Clark Bronson Biography
Clark Bronson began studying wildlife at an early age. Familiarity gained through years of studious observation coupled with a love of animals and outstanding skill has given his art a beautiful and intricate realism that is respected and admitted by others in his profession. Arnold Friberg once said, ?Clark Bronson is the best in his field.?|
In 1960 Clark, began illustrating for the Utah Fish and Game Department. By 1969 he was recognized as one of the leading wildlife painters in America. Some of his covers won national awards.
Before Clark turned to sculpting, he did illustrations for the following magazines: Sport Afield, Boy's Life, National Wildlife, The Illustrator, The Denver Post, Virginia Wildlife, The Children's Friend, Wyoming Wildlife, Sunday Empire, The Ensign, South Dakota Conservation, Wildlife in North Carolina, Utah Hunting and Fishing, Colorado Dental Association, New Mexico Wildlife, Outdoor Oklahoma, Utah State Fish and Game Magazine, Colorado Outdoors, Sporting Classics and Montana Outdoors.
A national magazine printed the following: Just when Clark's career as a wildlife painter was nearing full scale, he suddenly decided to switch mediums. Putting away his brush, Bronson began sculpting. With his background in painting and his firsthand knowledge of nature, the transition was made quickly and easily. With the completion of his first sculpture, it became evident that the precision and realism for which his paintings were so known, was to take on even greater form and freedom in his work as a sculptor. Collectors began buying entire series as fast as they became available. In less that five years Clark's wildlife bronze sculptures became widely collected throughout the world. Harry Horswell of the Tryon Gallery in London said, ?Clark Bronson is the greatest wildlife sculptor since the nineteenth century.?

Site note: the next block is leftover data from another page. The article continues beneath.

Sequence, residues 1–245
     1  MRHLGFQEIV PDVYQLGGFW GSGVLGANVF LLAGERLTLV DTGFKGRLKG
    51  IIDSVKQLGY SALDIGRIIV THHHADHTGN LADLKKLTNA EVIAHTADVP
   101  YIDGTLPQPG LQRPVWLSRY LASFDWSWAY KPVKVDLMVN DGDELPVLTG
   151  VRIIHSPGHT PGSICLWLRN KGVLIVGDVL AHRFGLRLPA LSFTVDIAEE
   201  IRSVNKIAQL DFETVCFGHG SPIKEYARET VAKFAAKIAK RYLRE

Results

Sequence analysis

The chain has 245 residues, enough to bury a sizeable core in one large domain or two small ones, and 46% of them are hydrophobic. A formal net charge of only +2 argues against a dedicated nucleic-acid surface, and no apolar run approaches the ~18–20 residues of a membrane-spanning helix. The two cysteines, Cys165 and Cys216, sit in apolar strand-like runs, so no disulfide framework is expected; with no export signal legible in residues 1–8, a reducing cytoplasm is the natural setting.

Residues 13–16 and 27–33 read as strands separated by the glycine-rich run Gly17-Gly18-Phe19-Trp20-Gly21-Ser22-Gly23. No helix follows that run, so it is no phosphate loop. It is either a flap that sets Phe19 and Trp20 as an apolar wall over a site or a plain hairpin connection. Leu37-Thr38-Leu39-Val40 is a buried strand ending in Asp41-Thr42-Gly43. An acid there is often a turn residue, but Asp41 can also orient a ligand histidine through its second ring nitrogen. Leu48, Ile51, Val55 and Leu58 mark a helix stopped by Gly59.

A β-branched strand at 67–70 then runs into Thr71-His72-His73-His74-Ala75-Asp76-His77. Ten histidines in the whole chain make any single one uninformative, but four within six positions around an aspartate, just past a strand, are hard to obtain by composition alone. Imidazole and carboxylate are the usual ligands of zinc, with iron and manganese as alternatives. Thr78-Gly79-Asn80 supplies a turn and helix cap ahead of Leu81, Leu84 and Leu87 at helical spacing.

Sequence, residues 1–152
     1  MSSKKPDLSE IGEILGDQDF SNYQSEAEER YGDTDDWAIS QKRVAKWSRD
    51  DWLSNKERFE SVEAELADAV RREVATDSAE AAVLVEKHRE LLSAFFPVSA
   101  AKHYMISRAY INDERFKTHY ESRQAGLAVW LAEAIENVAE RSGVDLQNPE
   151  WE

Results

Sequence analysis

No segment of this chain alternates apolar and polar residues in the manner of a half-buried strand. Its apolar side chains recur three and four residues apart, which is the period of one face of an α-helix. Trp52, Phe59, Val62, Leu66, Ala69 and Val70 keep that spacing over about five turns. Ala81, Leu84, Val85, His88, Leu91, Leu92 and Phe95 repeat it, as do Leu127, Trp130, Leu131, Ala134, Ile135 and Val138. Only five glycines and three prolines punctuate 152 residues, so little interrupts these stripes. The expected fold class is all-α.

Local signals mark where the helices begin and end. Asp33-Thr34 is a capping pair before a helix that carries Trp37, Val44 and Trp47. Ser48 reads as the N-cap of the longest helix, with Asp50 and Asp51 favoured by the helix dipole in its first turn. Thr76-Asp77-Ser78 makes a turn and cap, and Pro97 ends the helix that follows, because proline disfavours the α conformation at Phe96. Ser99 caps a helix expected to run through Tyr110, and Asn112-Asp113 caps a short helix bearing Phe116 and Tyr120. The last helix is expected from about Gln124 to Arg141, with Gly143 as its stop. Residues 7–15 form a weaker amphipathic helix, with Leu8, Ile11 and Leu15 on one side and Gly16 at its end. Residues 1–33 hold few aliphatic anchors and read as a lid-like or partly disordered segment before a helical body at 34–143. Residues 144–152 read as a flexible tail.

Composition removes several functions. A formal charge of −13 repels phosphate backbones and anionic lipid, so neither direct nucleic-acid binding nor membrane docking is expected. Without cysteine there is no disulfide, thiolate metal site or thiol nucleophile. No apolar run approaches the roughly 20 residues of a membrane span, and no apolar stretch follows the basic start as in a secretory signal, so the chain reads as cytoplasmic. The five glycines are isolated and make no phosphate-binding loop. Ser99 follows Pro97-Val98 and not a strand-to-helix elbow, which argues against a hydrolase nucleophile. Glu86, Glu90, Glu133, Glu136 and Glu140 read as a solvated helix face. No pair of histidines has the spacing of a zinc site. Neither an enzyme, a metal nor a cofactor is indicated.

Since Bronson started sculpting in 1969, he has done over eighty bronze pieces. Clark and Pauline have been filming wildlife and scenery for many years. In the beginning their purpose was to acquire reference material for Clark's art, but as time went on, they wanted to share their experiences in nature with others. The Bronson reference library contains hundreds of hours of extraordinary footage.